I was invited to be an expert witness in a malpractice suit last week.
I received a short snippet of the case. And though the law firm was willing to pay me for my time, I politely declined.
It's a tough situation. I reviewed the case; the physician involved did make a mistake of not properly notifying the patient, however sad to say, I could see myself in that situation someday. Why is it, that while on one hand we yell and scream that doctors aren't Gods and are only human and should not be allowed certain powers, and yet on the other hand expect doctors to never make mistakes? If it was a blatantly negligent mistake that resulted in harm to the patient, that's one thing, but what about an honest, really human mistake that had little consequence?
In this case, the doctor was being sued for a side effect of a medication. The patient had presented in moderately dire straits. It was a judgment call, between using a medication of proven benefit to aid this patient, versus a known possible rare side effect. Unfortunately, in this case the odds won. The rare side effect wasn't so rare for this patient.
Would I have done differently? I don't know. I would at least ensure I talked about the possible risks with the patient and documented it (I'm not sure this doctor did).
I read that 50-65% of US physicians get sued at least once during their career. Those numbers were from 2001; I'm certain with the increasingly litiginous modern society it's even higher now (did anyone read about poor Asian laundromat owners being sued for millions of dollars for misplacing some slacks??). That's more than half of all doctors. How many of those lawsuits were rightful, and how many frivolous, I don't know.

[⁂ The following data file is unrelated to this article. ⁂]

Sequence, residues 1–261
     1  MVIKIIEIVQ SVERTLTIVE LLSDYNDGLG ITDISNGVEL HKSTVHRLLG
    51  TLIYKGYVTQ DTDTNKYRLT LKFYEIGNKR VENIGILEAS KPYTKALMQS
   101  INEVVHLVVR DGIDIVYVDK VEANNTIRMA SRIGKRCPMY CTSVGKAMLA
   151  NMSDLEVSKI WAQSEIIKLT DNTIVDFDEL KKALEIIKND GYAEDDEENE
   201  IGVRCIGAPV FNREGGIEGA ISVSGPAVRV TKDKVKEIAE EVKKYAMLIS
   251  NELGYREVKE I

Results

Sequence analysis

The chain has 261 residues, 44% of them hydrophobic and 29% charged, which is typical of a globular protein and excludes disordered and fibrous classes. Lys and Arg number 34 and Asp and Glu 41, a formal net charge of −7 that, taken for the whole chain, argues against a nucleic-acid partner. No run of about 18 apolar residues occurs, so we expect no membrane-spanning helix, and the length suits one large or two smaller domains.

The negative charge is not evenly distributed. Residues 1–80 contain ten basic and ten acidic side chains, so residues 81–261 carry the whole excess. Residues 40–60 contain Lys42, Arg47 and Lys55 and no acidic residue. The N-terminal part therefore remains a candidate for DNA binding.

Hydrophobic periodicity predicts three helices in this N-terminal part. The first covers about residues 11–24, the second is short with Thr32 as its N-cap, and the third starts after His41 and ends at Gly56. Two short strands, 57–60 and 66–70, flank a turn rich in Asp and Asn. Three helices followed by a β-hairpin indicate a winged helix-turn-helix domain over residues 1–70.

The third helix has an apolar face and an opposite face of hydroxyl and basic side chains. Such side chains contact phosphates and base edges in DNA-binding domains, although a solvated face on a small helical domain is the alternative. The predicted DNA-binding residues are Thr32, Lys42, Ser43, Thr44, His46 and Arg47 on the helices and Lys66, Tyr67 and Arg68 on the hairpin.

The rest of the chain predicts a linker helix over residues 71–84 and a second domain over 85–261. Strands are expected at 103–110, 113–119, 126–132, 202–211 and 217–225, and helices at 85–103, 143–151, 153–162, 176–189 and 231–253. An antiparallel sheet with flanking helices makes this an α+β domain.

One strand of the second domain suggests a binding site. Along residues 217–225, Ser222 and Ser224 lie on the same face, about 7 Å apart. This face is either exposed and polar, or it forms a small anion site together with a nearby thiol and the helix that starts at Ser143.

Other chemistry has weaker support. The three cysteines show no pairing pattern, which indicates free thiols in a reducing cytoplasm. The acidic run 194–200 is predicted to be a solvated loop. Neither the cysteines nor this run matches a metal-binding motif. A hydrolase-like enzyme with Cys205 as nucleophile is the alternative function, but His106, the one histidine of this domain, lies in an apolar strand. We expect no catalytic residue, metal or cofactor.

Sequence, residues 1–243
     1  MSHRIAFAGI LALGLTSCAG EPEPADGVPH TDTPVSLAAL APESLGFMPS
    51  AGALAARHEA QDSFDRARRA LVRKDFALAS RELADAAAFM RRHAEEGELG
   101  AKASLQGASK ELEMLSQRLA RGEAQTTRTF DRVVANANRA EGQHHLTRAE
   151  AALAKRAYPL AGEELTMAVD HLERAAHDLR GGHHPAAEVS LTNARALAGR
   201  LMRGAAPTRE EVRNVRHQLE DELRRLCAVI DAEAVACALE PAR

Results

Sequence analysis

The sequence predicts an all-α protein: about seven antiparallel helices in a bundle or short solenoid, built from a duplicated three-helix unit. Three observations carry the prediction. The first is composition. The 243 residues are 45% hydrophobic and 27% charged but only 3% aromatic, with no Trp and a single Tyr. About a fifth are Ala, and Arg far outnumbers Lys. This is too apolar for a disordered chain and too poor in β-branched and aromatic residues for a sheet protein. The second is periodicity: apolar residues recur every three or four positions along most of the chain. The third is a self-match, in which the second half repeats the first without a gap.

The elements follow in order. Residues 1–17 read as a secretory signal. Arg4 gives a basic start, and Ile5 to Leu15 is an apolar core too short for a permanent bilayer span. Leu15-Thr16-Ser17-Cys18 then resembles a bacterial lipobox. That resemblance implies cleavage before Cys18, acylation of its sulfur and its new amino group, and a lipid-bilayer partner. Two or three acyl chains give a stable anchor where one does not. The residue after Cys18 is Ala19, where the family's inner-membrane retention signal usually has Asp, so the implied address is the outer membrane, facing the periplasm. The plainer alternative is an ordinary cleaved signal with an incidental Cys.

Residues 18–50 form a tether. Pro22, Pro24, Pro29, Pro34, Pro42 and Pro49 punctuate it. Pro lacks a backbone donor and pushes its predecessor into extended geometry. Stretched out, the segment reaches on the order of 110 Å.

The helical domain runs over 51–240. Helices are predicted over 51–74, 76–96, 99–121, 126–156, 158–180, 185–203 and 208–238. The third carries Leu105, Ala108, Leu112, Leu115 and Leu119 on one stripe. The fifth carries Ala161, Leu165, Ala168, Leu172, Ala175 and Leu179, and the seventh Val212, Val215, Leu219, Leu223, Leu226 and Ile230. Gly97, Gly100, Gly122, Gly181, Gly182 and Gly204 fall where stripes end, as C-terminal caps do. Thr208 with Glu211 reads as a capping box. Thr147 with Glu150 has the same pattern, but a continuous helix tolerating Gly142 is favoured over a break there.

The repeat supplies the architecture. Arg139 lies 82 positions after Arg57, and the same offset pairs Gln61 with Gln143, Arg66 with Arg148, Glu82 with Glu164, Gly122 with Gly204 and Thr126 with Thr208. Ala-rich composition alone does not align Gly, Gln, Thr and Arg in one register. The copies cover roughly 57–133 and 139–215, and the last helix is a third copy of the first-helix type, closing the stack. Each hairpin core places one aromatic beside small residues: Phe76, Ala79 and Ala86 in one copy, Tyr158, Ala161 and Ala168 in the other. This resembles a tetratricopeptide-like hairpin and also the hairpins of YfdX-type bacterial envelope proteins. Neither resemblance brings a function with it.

All I do know is you see those ads on TV everyday, asking for patients who've ever had disease A and taken medication B, to join their class action lawsuit. And I've had a couple of patients ask me to 'modify' their medical records to aid in their lawsuits against others.
Apparently over $4 billion dollars were paid by medical insurers in 1999 in the USA alone. I'm sure that's alt least partially to blame for the crazy state of healthcare economics these days.
And so, while I'd love to get some extra cash for new HP desktop I just bought to replace my aging 7-year old 128 mb RAM computer, and while this case may (or may not) have its merits, I'm going to just wash my hands of this and let someone else stand in, if they want.
For someday, chances are, I'll be on the other side of the fence, be it for a real screw up, or financial motives of a malaligned patient. And if that day ever comes, all I hope for is to be able to face up to God, and my family and no one else, and say "I did what I believed was for the best of my patient."